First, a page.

When it comes to maintaining your firm’s marketing strategy, there’s a certain amount of guess work involved. But, a great marketing strategy requires measurable goals. We need hard numbers to make informed decisions. So, the question is how do we arrive at these numbers?
At least 85 percent of Americans report doing research online before purchasing a product or service. The good news is that advisors are finally jumping aboard the Internet train. Still, many advisors wonder whether their online efforts are paying off.
Even if you’re job title doesn’t have the word “marketing” in it, you should track your website’s metrics, which will allow you to make evidence-based decisions. These metrics will allow you to work smarter — not harder — to improve your firm’s marketing efforts.
To take the guess work out of determining the effectiveness of your online presence, we’ve put together a cheat sheet of three of the most important metrics to track. These metrics can be collected using a free Google Analytics account. Some web providers have analytics tools built right into their platforms. Find out whether your website has this capability and put it to work for you:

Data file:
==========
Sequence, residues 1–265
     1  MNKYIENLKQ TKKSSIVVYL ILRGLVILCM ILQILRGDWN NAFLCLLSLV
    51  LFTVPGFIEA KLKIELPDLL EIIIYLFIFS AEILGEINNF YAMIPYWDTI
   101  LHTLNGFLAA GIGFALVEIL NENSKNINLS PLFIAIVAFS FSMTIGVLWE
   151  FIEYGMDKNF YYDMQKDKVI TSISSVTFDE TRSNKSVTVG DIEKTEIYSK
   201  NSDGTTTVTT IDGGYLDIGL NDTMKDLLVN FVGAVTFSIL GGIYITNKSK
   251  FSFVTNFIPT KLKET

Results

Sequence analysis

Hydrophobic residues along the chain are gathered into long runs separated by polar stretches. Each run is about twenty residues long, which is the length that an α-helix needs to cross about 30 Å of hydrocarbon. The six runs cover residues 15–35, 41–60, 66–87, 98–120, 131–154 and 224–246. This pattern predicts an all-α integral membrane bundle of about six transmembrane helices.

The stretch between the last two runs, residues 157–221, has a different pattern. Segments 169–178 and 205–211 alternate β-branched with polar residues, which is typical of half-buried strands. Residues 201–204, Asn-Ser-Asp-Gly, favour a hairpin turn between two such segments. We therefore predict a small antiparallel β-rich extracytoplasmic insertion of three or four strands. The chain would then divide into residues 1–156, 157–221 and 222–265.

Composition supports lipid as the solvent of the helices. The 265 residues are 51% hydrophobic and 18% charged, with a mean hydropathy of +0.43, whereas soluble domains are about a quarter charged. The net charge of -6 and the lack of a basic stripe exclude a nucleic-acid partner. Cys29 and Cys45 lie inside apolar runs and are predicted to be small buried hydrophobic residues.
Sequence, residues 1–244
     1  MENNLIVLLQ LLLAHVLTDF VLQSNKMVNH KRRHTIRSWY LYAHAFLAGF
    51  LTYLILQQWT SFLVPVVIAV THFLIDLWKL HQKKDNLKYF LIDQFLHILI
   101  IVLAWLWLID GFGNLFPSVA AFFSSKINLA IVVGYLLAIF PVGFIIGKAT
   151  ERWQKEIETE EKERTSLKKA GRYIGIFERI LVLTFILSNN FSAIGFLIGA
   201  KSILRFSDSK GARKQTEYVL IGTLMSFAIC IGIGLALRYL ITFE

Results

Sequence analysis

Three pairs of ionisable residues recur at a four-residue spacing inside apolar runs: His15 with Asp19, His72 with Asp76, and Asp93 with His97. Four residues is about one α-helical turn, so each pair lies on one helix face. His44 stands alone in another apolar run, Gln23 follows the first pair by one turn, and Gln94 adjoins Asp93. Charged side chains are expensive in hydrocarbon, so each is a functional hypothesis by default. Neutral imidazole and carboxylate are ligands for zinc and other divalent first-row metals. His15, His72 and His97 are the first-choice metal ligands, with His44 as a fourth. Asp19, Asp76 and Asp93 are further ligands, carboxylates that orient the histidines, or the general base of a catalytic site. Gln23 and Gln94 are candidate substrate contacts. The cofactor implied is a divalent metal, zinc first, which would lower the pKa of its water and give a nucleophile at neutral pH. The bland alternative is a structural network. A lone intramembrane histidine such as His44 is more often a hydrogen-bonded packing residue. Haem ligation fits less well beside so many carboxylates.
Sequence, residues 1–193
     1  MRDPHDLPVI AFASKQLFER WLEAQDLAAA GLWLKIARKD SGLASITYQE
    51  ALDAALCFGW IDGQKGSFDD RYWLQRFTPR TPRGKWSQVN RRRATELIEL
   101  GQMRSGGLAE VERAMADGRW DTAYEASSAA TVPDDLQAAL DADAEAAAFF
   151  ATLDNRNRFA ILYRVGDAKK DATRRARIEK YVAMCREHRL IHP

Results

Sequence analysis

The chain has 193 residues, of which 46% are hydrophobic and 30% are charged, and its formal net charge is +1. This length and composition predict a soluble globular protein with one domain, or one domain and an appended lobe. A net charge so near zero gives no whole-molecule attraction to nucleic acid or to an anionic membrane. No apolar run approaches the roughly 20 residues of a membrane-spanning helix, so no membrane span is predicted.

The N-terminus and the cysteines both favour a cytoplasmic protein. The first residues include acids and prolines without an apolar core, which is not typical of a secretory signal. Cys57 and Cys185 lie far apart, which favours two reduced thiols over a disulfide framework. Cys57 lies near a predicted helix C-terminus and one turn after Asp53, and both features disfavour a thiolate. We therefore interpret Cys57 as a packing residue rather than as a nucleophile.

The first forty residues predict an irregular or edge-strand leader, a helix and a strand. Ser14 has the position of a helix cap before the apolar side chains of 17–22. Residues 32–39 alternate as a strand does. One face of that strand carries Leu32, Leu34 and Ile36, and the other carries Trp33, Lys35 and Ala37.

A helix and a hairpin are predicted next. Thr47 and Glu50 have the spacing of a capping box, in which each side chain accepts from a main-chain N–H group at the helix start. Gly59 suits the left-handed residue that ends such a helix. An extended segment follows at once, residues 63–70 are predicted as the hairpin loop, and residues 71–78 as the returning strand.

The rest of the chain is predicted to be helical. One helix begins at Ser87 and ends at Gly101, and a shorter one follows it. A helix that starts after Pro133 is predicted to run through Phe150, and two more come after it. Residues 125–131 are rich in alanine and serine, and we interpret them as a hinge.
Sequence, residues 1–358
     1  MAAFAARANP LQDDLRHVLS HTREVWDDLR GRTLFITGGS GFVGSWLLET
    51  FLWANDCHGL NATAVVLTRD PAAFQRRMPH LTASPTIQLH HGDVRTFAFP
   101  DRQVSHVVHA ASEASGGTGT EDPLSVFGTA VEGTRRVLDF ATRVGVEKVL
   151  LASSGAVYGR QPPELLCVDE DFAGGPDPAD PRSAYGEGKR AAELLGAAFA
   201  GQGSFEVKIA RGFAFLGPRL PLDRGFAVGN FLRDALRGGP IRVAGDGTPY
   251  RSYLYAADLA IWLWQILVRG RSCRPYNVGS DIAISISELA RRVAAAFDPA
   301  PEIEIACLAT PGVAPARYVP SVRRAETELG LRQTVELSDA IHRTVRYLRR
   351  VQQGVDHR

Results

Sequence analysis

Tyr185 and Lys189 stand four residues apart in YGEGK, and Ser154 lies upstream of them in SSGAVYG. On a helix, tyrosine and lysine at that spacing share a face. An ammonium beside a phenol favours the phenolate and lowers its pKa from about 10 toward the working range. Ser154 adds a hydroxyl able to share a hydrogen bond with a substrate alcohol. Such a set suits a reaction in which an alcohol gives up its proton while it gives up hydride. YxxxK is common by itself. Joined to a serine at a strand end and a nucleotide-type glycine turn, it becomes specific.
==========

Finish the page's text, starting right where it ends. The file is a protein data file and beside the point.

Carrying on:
1. Organic search traffic. Organic search results appear because of their relevance to the search terms. These are in contrast to paid-for (advertising) results, such as pay-per-click results. How much organic traffic should your website generate? That depends. If your site is less than a year old, it may receive as few as 100 views per month. Established sites can expect more than 1,000 hits each month from organic traffic.
Why you should care: Organic search traffic is, arguably, the most important source of web traffic. Organic search traffic is important because it means that users are searching for you with intent. A rise in this number indicates that your website contains information searchers find relevant.
How to use it: If you really want to get serious about increasing your organic traffic, start by improving your SEO. Once your site begins to rank higher on search engines, you’ll drive more traffic to your site.
2. Traffic origin. Do you know where your web visitors come from? Each visitor arrives at your website as a result of typing in your web address, clicking on a search engine result (organic or paid) or being directed to your site by another webpage (such as social media sites, Google Maps, blogs or industry sites).